I was playing against an opponent who would normally beat me eight times out of ten. Okay, nine times out of ten. I realized my strategy of rallying from the baseline with him in the past would result in a lovely workout, but no chance of a win. So, going into the matchup, I decided to take every approachable ball and try to end the point early.
I was incredibly successful at this. Point after point. Right into the net. Hmmm. That’s when I began to employ my “next time” strategy. Instead of being discouraged, I applauded being in position to actually end the point. And I began to analyze what I needed to do to actually end the point in my favor.
When I hit the next volley into the net, I realized I had been stopping when I volleyed instead of moving smoothly through, causing me to be off balance, dip my shoulder, and net the ball.
I said to myself, “Next time I am going to move through the volley.” The next opportunity I had to approach, I came in, moved through the volley, and, PRESTO!, put the ball into the net. Hmmmm. I realized I tried to put away a volley that was below the net instead of sending it back deep and setting up the next volley to put away. I said, “Next time I will place my first volley deep down the middle in this situation, take away his angles, so I can close in to put away the next volley.”
Next opportunity, I did just that. I moved through the volley that was below the net height, recognized I needed to send it deep, did so (it floated a little more than I wanted but I got it deep), split stepped, closed in and… got passed. Hmmmm.
I quickly analyzed the situation and came up with my next plan. “Next time”, I said to myself, “I’m going to stay home and take a nap.”
Alright, alright, the fact is, I learned something new about a positive attitude (one of TLC’s Three Crowns) at the USTA National Teacher’s Conference a couple years ago. It is that a positive attitude without a plan will not produce results.
At TLC, we talk about how a positive attitude can change everything in a match and in life. That is true. But we sometimes framed it by providing campers a saying – when they missed – of “I’ll get the next one.” But “I’ll get the next one” leaves us with no action plan. The teaching pro at the USTA that day, and I wish I could remember her name, because this one piece of information was worth the whole conference, said something I have used almost every day in tennis and in my life since. So simple, but so profound.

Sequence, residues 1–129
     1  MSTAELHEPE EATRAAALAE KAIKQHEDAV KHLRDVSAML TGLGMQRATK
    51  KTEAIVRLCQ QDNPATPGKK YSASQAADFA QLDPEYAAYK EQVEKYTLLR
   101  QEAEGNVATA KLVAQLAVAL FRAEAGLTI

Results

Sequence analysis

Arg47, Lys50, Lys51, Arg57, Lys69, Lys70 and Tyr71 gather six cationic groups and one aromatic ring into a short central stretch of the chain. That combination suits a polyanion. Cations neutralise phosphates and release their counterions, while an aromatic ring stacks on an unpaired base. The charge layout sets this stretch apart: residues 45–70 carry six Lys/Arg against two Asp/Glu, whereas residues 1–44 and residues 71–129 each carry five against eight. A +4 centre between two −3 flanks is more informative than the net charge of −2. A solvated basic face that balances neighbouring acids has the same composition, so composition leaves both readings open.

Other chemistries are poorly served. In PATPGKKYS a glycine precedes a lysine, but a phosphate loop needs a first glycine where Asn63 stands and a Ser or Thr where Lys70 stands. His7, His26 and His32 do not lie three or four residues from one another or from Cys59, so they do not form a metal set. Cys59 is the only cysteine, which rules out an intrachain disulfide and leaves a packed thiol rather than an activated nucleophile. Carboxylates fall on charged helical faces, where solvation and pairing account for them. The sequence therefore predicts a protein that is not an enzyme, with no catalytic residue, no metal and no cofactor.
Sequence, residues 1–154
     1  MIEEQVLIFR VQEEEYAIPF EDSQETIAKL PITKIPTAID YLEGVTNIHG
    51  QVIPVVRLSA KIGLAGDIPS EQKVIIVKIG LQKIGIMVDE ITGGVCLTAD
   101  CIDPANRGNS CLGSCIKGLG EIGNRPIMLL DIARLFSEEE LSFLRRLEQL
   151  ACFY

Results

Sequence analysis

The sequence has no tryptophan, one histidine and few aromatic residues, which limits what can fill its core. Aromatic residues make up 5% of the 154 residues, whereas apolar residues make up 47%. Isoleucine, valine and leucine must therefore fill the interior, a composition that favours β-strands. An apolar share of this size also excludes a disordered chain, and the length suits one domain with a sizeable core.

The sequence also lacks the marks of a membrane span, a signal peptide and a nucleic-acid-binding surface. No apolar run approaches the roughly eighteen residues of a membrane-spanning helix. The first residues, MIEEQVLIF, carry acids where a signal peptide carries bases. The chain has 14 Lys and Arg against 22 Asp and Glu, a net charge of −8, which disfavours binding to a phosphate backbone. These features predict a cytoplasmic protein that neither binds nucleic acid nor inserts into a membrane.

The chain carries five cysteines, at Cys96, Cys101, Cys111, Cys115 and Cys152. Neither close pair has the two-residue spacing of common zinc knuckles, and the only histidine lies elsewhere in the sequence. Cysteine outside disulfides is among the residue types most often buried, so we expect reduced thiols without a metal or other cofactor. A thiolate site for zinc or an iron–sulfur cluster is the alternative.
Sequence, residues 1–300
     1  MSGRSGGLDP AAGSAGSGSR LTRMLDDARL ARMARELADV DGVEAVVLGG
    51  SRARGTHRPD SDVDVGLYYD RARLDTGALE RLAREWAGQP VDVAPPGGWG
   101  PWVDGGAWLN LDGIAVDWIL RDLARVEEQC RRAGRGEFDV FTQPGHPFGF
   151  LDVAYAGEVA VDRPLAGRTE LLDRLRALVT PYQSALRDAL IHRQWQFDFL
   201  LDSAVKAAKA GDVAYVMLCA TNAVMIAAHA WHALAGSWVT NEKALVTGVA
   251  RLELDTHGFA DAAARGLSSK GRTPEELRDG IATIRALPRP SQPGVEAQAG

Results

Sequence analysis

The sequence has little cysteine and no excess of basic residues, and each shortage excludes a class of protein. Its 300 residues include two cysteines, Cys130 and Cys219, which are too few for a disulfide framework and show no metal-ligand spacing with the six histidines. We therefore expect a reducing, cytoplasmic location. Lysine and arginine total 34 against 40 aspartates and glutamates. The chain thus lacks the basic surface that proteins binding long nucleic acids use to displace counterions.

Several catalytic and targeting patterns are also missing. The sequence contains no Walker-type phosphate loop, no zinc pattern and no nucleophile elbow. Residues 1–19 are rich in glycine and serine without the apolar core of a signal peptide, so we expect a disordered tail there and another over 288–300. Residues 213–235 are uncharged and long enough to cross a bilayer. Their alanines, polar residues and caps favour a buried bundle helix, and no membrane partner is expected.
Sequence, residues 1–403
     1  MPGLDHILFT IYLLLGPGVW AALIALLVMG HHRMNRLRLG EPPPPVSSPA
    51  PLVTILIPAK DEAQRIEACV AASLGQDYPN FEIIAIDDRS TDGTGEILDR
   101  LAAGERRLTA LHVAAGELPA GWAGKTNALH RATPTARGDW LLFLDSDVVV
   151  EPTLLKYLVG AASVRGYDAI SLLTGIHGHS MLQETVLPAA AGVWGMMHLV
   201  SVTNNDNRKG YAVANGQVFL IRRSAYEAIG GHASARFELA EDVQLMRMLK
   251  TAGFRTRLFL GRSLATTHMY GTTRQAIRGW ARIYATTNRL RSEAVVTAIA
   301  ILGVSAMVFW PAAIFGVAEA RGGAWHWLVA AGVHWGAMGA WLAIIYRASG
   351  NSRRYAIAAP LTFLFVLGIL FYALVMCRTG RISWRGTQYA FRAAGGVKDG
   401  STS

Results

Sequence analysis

She said, “When you finish a point in a manner you wish you could have changed, don’t just say ‘I’ll get the next one.’ Have your students say, ‘Next time I will…’ It focuses them on the positive, but does so in a way that helps them move forward, not dwell on the mistake, and put into action a plan that helps them analyze it and then turn the mistake into a potentially good habit.”
Now, every point I lose (and many that I win), I say “Next time I will…” Next time I will move through the volley. Next time I will place that shot when I am out of position toward a safer target deep cross court or down the middle. Next time I will attack my opponent’s backhand more consistently, since it is his weakness. Next time I will move in on a short ball to put pressure on my opponent.
I have found this works amazingly well for my tennis game. My opponent that day actually came and talked to me during the match saying, “I see what you are doing and it’s working coming to the net. You have me, you’re just not finishing me off.” Which caused me to think “Next time out on the practice court I am going to work on drills that will help me finish off points.”
But, more importantly, it works for my life. “Next time” I will applaud my opponent’s shot instead of being discouraged with my own. Next time I will write a note to my spouse or child letting them know how much I love them. Next time I will stop for five (ten, fifteen, sixty?) seconds before I respond to someone in a way I will later regret. Next time I will ask about the other person’s story before attacking their belief systems. Next time I will stand up and speak out when I see an injustice being done to someone because of their race, religion, creed, gender, sexual orientation. Next time I will hug my child when I walk through the door at the end of work instead of heading straight for the paper or the computer. Next time I will… This works. It really does.
When we make our positive attitude contingent on results, our wishes become more than that. They become habits. Then we find ourselves habitually moving through volleys, hugging our children, saying we are sorry when we make mistakes, surprising loved ones with random presents.
So, this is a long way of saying I am scheduled to play my opponent again this weekend. But I have learned from my mistakes and I am ready to put into practice my new “next time”. Naptime, here I come!!!